Aristotle defined chance as a cause per accidens, happening for the lesser part. What does this mean?
When a lion chases down a gazelle and kills it, there was a causal relation between the end and the process that led to it. But events don’t come with name tags on them, and so, looking at this happen, we might have said “look, the lion chased down the light-colored thing”. In this case, however, there is no connection between the end (killing a light-colored thing) and the process leading to it. It is accidental, or per accidens. Depending how we account for the experience, the process we experience might be chance or not. But it’s clear that the thing we are experiencing, depending on how it is accounted for, can either be 1.) a process where the end was a cause of the process, or 2.) where the end is not a cause of the process. 2 are events where the end causes per accidens.
There is more than one way to discriminate between 1 and 2. The simplest process is to multiply out experiences and isolate properties. Put a dark-colored gazelle in front of the lion, and then a light colored 747. Experiments to show other things might be more elaborate: for example, it was not known until quite recently that what the frog chased after was not a fly, but a moving object of a certain size. A frog in a room full of dead flies would starve to death. Most persons, now and forever, think that frogs eat flies, and that they eat moving flies only by per accidens (or, that it would even prefer a fly that was not moving). In fact, the reverse is true. Notice that this is the case even though frogs have, in fact. always eaten flies.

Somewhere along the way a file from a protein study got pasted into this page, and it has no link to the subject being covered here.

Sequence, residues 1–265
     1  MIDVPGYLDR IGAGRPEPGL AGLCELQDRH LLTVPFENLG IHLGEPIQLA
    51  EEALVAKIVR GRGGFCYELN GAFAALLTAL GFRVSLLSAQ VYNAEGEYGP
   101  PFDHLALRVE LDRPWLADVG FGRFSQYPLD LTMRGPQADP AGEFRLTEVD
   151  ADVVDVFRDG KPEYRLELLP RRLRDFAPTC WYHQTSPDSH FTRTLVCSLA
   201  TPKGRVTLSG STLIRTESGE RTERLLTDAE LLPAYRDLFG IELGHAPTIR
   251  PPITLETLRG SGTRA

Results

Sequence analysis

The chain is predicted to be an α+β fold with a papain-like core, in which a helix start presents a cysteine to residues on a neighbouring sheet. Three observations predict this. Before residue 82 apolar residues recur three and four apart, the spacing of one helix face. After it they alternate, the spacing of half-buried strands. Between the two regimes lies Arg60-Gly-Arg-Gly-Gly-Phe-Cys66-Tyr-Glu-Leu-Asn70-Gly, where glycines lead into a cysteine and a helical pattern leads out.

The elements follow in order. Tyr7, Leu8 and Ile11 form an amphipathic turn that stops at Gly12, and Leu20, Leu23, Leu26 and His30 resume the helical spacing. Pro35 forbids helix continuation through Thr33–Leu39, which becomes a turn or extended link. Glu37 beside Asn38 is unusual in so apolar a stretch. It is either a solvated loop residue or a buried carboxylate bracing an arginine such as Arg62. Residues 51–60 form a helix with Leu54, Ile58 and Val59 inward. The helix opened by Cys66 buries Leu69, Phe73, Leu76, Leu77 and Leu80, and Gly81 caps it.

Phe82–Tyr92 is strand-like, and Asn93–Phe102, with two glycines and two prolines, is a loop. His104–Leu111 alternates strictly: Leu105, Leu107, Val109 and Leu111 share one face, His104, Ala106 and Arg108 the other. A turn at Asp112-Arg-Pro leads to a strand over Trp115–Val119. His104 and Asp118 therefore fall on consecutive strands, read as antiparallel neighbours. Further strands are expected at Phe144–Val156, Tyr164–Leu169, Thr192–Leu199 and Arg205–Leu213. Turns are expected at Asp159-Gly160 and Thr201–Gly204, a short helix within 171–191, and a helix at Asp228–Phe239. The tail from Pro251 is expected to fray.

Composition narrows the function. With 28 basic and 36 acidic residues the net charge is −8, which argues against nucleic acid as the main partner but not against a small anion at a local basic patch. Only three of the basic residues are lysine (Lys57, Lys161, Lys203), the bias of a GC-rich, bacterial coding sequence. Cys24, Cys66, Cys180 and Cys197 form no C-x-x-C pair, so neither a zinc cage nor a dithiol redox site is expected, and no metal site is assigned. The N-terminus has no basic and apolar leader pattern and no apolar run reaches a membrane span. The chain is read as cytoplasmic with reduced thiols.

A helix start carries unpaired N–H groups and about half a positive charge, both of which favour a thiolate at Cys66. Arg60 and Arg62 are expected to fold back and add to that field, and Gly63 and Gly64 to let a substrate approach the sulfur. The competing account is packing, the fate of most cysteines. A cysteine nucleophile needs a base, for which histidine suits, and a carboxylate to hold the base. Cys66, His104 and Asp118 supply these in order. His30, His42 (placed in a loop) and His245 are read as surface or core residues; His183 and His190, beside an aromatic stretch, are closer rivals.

But if it is accidental that frogs eat flies, even while it happens that they have always sought them, there is an accidental cause that happens always or as a rule, and another kind of accidental cause that does not happen always or as a rule. Chance events are the second kind. Frogs don’t eat flies per se, but we would not say that they eat them by chance. Chance must be outside both what is per se (frog eats the moving) and what is accidental but occurring always or as a rule (frogs eat flies). Contrariwise, one of the main goals of science- in both the ancient and contemporary senses of the term- is to find a way to rule out both chance and the accidental but occurring always or as a rule. Teh former is frequently difficult to rule out, the latter is, in some cases, impossible to rule out.